usurped by our newly elected Democratic legislature, whose smoking
    ban goes into effect in the middle of this month.

    All
    in all, the Stone Church gives a little truth to the First Amendment's
    promise that government "shall make no law…abridging…the right
    of the people peaceably to assemble." While all around us statists
    draw the noose ever tighter, this church-turned-music hall provides
    a tiny sanctuary of peaceful, responsible association without a
    lurking police presence to remind us that freedom is largely becoming
    an illusion.

    Sitting
    at the bar before the show started, I struck up a conversation with
    one of the bartenders about beer, which soon turned to the topic
    of good music and bad concert venues. Telling him briefly of my
    experience at Meadowbrook, he said, "Everyone's terrified about
    loosing their liquor license."

    (And
    with good reason: the September 2 New Hampshire Union Leader
    reported that the Aborigen Restaurant & Bar in Manchester had
    its liquor license "immediately suspended" because of
    a shooting outside the bar in the early hours of this morning.
    The fight started initially inside the bar, "was broken up,
    and then a subsequent fight broke out and went out the back door.
    And then shortly thereafter, some shots are fired," is how
    Detective Bill Davies explained it to the paper. Patrons act stupid
    and the business-owner is punished. In the upside down world of
    the Nanny State's definition of personal responsibility, that's
    how it goes.)

    "So
    how do you guys handle underage drinkers," I asked him.

    "We
    use common sense," he said. "If we're going to be full
    to capacity, we check ID at the door and don't let the underage
    people in. But if it's a small crowd, we check ID if someone looks
    underage. Maybe we'll mark their hand with some kind of identifier,
    and we try to move around in the crowd to make sure kids aren't
    drinking."

    "We
    check ID if someone looks underage." Like at liquor stores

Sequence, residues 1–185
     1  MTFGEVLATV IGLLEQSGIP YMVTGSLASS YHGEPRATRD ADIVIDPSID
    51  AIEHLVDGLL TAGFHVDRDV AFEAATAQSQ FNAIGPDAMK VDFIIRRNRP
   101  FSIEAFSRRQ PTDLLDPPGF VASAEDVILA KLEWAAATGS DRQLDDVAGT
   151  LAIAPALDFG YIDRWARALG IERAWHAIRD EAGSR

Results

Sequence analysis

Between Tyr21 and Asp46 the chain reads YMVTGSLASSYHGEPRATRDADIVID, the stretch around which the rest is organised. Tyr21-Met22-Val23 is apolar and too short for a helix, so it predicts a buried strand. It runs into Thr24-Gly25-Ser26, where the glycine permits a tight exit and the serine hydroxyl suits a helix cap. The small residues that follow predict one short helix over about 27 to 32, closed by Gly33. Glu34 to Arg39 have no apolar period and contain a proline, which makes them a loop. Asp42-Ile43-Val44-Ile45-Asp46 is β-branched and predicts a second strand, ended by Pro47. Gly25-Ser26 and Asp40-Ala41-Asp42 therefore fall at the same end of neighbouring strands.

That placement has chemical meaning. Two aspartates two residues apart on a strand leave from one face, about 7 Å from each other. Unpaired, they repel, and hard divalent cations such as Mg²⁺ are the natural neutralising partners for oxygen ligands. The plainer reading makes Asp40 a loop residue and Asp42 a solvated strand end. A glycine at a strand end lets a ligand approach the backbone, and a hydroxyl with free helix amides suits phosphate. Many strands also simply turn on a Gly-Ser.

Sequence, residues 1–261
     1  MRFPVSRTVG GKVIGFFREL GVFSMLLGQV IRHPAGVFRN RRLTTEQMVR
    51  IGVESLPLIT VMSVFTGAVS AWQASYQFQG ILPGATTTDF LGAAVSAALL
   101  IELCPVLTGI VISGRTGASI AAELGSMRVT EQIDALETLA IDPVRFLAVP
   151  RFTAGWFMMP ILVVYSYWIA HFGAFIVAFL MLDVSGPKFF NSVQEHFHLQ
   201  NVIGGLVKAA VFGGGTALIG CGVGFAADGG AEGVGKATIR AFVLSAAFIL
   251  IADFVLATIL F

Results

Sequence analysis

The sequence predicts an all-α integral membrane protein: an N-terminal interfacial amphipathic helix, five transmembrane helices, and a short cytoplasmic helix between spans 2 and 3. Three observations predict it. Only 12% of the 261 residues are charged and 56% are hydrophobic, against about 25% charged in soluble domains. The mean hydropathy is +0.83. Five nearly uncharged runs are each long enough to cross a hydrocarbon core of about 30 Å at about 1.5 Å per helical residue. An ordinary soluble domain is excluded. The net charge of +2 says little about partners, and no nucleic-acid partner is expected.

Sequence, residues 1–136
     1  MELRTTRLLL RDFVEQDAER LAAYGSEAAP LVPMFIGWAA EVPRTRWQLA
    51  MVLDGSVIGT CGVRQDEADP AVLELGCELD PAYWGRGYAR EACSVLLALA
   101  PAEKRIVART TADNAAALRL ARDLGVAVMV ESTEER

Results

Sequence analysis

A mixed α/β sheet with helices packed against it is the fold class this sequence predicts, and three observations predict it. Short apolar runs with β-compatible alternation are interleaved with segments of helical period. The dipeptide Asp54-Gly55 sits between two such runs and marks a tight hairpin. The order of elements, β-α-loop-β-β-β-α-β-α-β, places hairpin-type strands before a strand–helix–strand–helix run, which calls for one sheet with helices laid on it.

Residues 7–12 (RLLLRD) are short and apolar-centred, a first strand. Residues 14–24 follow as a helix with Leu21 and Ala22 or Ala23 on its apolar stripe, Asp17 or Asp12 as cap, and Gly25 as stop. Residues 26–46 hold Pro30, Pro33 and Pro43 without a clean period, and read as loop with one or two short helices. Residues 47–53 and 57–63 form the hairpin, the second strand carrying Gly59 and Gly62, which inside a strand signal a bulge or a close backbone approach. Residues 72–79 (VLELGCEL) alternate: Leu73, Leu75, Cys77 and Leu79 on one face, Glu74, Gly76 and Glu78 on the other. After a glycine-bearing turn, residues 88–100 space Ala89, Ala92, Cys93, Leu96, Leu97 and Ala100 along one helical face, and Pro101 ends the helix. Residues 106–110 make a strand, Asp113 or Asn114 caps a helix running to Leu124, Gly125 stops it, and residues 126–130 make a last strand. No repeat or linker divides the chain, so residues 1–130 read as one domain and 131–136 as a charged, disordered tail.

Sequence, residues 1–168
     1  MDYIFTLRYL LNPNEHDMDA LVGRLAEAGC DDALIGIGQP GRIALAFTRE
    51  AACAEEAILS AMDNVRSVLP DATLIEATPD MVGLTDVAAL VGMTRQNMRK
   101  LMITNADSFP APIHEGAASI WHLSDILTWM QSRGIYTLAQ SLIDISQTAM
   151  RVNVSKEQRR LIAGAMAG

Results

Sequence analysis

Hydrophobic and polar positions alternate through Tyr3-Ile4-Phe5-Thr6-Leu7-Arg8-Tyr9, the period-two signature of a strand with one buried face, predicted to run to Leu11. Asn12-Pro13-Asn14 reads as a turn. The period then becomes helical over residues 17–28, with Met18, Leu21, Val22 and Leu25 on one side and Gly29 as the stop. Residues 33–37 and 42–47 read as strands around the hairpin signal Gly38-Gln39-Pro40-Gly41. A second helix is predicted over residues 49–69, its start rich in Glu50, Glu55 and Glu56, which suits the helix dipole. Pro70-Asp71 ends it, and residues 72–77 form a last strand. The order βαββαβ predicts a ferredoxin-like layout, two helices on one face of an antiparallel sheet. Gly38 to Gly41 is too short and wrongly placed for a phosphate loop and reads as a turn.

and supermarkets, I thought. And that seems to be working out okay.
    "Sounds pretty libertarian to me," I said, "unlike
    at the big venues, where cops are everywhere standing around like
    thugs."

    "There's
    a difference between doing your job and being an asshole,"
    he said.

    "Right,"
    I replied. "I like the idea of security being there to make
    sure no one hurts anyone else, but there's a big difference between
    keeping the peace — "

    "
    — and actually causing the problems," he finished the sentence
    for me.

    When
    we left that night I carried a cup of water out the door with me.
    Everywhere else I've been you wouldn't be allowed to do that. We
    took a midnight stroll around Newmarket before driving home to relieve
    the babysitter. As we walked up Main Street to our car a police
    cruiser rolled by, slowing down to eyeball me — no doubt hoping
    I was carrying a cup of beer so that he could harass me for drinking
    in public.

    If
    you want to be treated like a kid, eat bad, overpriced food, and
    generally feel like you’re in school again, go to the big music
    venues for your fun. But if you're in New Hampshire and want good
    beer, good atmosphere, good music, good food, and good company,
    I highly recommend a visit to the Stone Church. Especially if the
    boys from the Dirty Dozen Brass Band are in town.

    September
    3, 2007

    Scott
    McPherson [send him mail]
    lives, reads, writes, plays music and home schools his kids in Portsmouth,
    New Hampshire.